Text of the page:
Here’s how slipshod and self-contradictory a “respected” American publication can be.

  • Ben Yagoda’s article ostensibly advocating the use of periods and commas outside quotation marks (not a hard-and-fast rule even in British) uses neutral quotation marks:

    The Rise of "Logical Punctuation".

    Then again, this is one of those ultra-fake Web sites (the Awl is also in this group) that uses the known failure of nospace-emdash-nospace and also neutral quotation marks and apostrophes.

  • And the piece resorts to fake superscripts in an unnecessary usage of same, 16th edition. (That’s a Microsoft Word abomination.)

  • And it uses what nerds call a backtick (`) as an opening single quotation mark.

  • And we don’t end heds with periods, though of course there is a meta-reason for doing so in this case.

  • Yagoda quotes a misspelling of “darnedest” without later correction:

    Conan O’Brien, for example, recently posted:

    Conan’s staffers’ kids say the darndest things. Unfortunately, in this case "darndest" means "incriminating".

  • Yagoda ignores the fact that, in any presentation where markup is possible, the correct way to write the titles of TV shows is in italics, hence:

    [I]ronically, given the anecdote about Tales of the City, PBS is the only widely available channel that has any serious LGBT content, e.g., documentaries such as Ask Not and Out in the Silence.

    (I corrected the CAPS-AS-emphasis error endemic to half-assed prose like Yagoda’s, and the errant semicolon. One could debate the need for a hyphen at one point; can you see where?)

  • The sentence from Pitchfork is correctly and unambiguously written thus:

    Covers on the LP include the Beatles’ “Michelle,” Fred Neil’s “Everybody’s Talkin’,” and tracks from Serge Gainsbourg and Henri Salvador.

    Note my avoidance of the collision of apostrophe and closing single quotation mark – unremediated in the original, with its half-assed wordspace inside two fake apostrophes.

    At any rate, Yagoda is too dumb to notice that he irretrievably altered the source by quoting the original sentence, which forces the use of single quotation marks in American and Canadian style.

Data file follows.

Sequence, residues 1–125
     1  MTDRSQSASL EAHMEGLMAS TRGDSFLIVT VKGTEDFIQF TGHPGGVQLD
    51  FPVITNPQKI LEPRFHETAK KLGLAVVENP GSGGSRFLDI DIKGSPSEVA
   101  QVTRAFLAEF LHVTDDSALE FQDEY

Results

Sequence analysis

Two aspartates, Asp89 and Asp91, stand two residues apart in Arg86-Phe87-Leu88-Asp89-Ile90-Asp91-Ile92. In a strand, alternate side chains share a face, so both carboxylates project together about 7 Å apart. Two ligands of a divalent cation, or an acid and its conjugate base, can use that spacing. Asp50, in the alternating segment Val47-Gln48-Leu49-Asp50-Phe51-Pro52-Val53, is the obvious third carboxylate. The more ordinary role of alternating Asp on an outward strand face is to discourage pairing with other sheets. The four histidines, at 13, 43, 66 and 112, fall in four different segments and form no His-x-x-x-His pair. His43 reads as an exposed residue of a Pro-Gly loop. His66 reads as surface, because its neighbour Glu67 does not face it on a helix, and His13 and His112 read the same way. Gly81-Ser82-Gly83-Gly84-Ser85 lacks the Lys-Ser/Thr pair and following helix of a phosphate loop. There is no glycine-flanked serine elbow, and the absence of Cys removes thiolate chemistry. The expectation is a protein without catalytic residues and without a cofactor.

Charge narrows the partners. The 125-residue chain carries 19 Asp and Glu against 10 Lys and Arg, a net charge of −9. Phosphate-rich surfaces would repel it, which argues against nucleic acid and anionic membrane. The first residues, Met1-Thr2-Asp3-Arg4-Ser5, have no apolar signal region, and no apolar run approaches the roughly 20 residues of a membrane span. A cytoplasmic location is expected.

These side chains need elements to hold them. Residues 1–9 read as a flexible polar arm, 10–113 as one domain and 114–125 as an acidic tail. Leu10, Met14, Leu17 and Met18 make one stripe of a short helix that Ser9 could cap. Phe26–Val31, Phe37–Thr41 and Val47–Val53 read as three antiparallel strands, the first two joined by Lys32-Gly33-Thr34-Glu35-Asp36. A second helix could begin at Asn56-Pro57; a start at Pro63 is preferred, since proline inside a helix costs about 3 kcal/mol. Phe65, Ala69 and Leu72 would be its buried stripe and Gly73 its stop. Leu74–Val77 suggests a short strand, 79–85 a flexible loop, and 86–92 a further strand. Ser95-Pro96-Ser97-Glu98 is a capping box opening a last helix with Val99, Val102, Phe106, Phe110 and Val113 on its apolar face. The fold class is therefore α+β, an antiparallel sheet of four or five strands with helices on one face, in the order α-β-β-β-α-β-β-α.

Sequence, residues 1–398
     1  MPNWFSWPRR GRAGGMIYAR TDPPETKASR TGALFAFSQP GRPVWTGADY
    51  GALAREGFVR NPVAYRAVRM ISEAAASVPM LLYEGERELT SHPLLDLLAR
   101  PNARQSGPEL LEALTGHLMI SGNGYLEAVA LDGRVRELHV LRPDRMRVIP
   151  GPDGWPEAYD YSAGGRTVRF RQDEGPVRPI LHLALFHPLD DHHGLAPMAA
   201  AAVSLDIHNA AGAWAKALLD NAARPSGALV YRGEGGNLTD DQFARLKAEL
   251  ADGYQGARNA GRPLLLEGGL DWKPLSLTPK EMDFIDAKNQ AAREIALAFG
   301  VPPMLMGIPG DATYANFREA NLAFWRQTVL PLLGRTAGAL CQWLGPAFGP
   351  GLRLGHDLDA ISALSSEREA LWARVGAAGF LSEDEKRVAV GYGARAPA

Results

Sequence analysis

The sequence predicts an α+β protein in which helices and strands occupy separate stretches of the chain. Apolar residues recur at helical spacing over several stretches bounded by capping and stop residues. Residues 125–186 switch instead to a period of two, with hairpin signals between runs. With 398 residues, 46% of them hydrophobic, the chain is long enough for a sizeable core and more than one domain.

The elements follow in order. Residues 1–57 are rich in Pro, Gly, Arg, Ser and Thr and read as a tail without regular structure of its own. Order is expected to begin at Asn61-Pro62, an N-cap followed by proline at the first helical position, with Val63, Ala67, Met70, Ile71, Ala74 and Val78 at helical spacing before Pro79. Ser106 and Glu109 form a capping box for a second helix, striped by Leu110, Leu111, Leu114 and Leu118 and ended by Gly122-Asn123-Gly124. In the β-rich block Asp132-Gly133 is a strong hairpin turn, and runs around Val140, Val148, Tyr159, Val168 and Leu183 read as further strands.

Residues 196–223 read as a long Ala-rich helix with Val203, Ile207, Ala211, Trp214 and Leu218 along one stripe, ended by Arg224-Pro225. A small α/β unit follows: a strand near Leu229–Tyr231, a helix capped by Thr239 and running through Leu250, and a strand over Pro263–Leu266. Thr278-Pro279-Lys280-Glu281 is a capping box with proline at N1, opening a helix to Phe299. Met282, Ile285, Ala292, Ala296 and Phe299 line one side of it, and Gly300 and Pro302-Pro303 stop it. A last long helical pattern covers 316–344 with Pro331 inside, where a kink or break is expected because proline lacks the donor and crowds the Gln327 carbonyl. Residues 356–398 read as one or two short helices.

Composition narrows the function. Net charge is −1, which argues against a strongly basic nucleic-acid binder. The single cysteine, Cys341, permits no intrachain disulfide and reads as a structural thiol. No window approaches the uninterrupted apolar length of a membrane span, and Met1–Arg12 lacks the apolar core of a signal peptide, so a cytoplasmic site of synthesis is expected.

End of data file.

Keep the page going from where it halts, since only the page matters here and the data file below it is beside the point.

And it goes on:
Let me go back to a previous point. Could Ben Yagoda explain – off the top of his head, without recourse to any reference material – when British usage does place periods and commas inside quotation marks?

We’re only five months into the year, yet this is – straight-up – ’011’s worst article about copy-editing. Quote me on that. And do nothing Ben Yagoda suggests.


(2011.05.31) The illustrious Gruber linked to this posting. We had E-mailed back and forth before that happened. I have no objection to being called “cranky” in this context. The issues here, in case they weren’t clear already, are:

  • Yagoda understands half the problem and offers half a solution for it. This simply is not an issue of putting periods and commas inside quotation marks. Quotation-mark rules are actually much more complex than that especially in U.K. usage, which, Yagoda is unaware, actually comprises several variant usages.

  • Yagoda and his publication cannot correctly render the examples that claim to prove his point.

    I can’t put my hands on an article I read this year that stated that Slate’s content-management system has remained essentially unchanged since 2003. Let’s accept I have recalled that fact correctly. Even given the stated and actual character encoding on Yagoda’s piece (UTF-8), I assume the Slate CMS can handle US-ASCII characters and nothing else. (A typical error of American computer programmers.)

    Given that constraint, in an article about punctuation somebody along the production line should have known enough to use character entities (e.g., “ or ”) to encode that punctuation. You never have to leave the US-ASCII repertoire, yet the result in the browser is correct. (Don’t do this as a matter of course; your copy becomes uneditable. But we aren’t talking about day-to-day uses here.)

    So yes, Slate’s “typesetting” is “appalling.” For this specific article, it need not have been, I estimate. But because it was, that fact became fair game – for me and for Gruber.

How’s this for a conclusion? The way I do it is the right way. I run the tightest copy in the business – as a point of pride.

The foregoing posting appeared on Joe Clark’s personal Weblog on 2011.05.12 14:15. This presentation was designed for printing and omits components that make sense only onscreen. (If you are seeing this on a screen, then the page stylesheet was not loaded or not loaded properly.) The permanent link is:

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